Date of Submission


Date of Award


Institute Name (Publisher)

Indian Statistical Institute

Document Type

Doctoral Thesis

Degree Name

Doctor of Philosophy

Subject Name

Computer Science


Computer Vision and Pattern Recognition Unit (CVPR-Kolkata)


Chaudhuri, Bidyut Baran (CVPR-Kolkata; ISI)

Abstract (Summary of the Work)

Automation of image analysis in the bio-medical ficld is one of the important achievements of applied image processing research. The rapid development in the electronic instrumentation during 1960s and 70s made it possible to automate the routine process of diagnosis and prognosis of many discases. Development of high resolution imaging instruments such as X-ray CT, MRI, etc., for macro imaging and electron microscope, confocal microscope, etc., for micro imaging has given a tremendous boost to the advancement of medical field. Advancement in the field of computing has made it possible to reconstruct the pictures of internal organs of the body in a non-invasive method.Based on the imaging instrument, we can broadly classify the medical images into two types. They are macro-images obtained by macro-imagìng instruments such as MRI, CT- scan, Ultra-sound, etc., and micro-images obtained by micro-imaging instruments such as light microscope, electron microscope, confocal microscope, ctc.. This thesis mainly concerns with the analysis of micro-imaging data sets obtained using confocal microscope. More specifically, we consider 3-D histo-pathological images where the aim is to automatically segment the cells and measure the quantitative features of the tissue and the cells of a histo- pathological specimens.The histo-pathological images are relatively complex in the sense that the cells are arranged in different patterns often touching or overlapping on each other. Moreover, during different pathological disorders, the change in the features of tissue and cells belonging to different organs is different. Even the cells and tissue of the same organ may show different characteristics during different sub-classes of the same disease, Such problems, along with the inconsistency in defining the features by different pathologists as well as lack of standard procedures to define the pathological features make automatic processing of these images more difficult. As a result very few automated systems are found to be successful.The necessity of automation of the analysis of histo-pathological images stems from the fact that the quantitative study of the tissue specimen by visual approach is very difficult. The visual inspection of the tissue specimen under the microscope depends upon the understanding of the physiological processes and the ability to diagnose by comparing each sample to cases that the expert has seen before. This qualitative or subjective evaluation is appropriate to identify different diseases. The same can not be said while differentiating the different sub-classes of the same disease (Firestone et al., 1996). Visual inspection is less effective in quantification of tissue characteristics. The number of specimens to be inspected, the time factor, consistency and the reproducibility make the automatic quantitative study of the biological specimens, a significant and important part of tissue specimen analysis. The automation of the quantitative study of histo-pathological images exists in several levels. A completely automatic system is the one where the human interaction may be 1 needed only for preparing and loading the specimens. In the semi-automatic systems, the human interaction is necessary to feed a priori information for processing the image data. There is a task-specific automation in which only a particular task or the region in the image is subject to automatic image analysis.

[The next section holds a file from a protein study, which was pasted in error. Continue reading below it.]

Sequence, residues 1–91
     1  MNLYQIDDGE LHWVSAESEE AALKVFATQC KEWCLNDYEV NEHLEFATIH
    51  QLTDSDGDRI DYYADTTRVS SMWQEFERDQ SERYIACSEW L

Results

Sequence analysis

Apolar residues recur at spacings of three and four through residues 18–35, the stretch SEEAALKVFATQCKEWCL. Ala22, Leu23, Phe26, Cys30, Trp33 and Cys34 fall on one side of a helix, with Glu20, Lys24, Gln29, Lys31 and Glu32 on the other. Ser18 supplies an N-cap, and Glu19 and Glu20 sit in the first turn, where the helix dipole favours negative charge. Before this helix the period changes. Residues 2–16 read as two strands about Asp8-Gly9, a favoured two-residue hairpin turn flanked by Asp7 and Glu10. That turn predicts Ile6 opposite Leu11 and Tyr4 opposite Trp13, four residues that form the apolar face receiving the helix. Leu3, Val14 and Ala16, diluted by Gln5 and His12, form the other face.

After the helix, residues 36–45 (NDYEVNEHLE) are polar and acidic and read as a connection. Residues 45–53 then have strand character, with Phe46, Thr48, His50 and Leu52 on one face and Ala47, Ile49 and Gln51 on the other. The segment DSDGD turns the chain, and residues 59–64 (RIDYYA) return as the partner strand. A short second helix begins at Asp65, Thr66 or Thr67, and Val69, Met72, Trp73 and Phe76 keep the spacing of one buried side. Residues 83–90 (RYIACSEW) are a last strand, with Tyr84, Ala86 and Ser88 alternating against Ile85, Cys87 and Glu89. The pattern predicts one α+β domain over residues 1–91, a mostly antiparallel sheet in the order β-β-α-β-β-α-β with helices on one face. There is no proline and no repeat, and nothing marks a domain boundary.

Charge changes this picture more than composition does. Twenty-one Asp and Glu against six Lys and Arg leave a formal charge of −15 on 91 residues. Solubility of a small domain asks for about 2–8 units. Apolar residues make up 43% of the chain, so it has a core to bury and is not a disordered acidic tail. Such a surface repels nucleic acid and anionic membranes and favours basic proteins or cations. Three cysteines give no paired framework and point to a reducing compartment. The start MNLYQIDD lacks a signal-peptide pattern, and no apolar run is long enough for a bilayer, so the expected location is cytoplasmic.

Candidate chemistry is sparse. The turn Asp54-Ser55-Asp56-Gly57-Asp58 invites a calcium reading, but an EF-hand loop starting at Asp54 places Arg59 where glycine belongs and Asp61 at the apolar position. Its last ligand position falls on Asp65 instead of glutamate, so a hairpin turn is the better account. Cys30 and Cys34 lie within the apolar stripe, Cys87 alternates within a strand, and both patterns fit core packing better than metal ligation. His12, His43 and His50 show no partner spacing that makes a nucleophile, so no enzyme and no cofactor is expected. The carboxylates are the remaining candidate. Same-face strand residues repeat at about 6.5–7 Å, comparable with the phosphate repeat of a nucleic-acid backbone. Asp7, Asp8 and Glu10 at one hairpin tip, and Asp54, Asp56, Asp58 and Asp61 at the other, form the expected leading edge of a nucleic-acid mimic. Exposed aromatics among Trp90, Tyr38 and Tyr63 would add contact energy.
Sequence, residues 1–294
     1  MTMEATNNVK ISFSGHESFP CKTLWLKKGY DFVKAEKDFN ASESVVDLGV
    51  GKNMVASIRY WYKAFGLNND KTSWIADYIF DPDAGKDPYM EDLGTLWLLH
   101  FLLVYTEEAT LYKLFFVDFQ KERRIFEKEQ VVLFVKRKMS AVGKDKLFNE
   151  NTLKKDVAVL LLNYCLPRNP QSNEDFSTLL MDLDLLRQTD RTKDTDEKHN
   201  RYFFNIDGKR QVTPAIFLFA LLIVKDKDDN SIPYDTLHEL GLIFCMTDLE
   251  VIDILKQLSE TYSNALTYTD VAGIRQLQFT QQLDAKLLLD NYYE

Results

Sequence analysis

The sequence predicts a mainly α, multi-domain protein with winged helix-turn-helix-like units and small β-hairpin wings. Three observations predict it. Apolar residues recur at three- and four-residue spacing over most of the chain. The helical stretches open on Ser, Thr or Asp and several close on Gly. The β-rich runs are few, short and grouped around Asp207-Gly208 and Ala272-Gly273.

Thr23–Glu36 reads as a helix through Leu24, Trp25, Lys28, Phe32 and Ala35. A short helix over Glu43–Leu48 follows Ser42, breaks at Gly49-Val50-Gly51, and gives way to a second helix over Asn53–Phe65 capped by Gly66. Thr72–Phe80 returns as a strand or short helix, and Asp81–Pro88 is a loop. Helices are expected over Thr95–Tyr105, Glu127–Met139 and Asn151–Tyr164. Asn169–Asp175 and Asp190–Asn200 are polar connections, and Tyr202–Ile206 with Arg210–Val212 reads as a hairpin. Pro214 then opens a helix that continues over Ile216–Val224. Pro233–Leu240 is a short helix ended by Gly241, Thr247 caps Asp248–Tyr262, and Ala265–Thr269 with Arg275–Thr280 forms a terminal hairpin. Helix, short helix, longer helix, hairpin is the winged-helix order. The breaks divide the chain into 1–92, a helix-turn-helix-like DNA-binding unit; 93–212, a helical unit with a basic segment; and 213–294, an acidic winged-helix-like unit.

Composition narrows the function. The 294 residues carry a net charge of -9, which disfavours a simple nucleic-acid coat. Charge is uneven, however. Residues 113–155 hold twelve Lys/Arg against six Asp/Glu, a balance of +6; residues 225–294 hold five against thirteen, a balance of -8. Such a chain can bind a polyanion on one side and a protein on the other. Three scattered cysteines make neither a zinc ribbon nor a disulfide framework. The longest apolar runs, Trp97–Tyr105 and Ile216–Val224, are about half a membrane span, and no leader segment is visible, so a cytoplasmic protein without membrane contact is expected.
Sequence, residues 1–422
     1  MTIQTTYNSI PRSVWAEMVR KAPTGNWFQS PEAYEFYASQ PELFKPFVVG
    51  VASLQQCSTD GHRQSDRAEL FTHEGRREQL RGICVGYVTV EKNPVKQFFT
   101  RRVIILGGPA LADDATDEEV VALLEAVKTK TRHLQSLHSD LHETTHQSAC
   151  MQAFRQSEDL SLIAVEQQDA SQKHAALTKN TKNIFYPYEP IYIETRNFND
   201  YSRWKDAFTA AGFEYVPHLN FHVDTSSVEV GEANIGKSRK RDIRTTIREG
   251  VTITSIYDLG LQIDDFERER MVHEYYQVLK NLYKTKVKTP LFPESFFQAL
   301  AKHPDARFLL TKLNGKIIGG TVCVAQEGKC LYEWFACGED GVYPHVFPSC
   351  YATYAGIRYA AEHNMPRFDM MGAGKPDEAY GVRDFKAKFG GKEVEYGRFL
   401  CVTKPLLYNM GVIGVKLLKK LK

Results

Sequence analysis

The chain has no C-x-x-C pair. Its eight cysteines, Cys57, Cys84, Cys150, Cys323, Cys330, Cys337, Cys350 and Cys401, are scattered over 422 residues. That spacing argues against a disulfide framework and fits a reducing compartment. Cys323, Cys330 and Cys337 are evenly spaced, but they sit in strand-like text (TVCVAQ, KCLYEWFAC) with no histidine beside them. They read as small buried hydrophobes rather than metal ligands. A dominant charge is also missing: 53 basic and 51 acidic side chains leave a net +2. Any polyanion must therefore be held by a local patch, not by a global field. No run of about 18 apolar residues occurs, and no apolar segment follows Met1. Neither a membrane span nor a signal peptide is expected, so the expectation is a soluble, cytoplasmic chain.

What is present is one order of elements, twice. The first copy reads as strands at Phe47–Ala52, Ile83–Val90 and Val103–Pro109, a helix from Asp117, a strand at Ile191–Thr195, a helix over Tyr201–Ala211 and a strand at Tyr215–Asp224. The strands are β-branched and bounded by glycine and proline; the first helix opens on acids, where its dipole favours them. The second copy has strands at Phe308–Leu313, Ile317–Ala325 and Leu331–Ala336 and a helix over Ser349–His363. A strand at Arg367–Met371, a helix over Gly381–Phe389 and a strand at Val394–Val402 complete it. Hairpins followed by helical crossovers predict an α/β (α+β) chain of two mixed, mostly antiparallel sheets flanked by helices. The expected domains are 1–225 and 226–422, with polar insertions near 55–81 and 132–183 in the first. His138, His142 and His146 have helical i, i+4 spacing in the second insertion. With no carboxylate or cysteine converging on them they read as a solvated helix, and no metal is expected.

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Creative Commons Attribution 4.0 International License
This work is licensed under a Creative Commons Attribution 4.0 International License.


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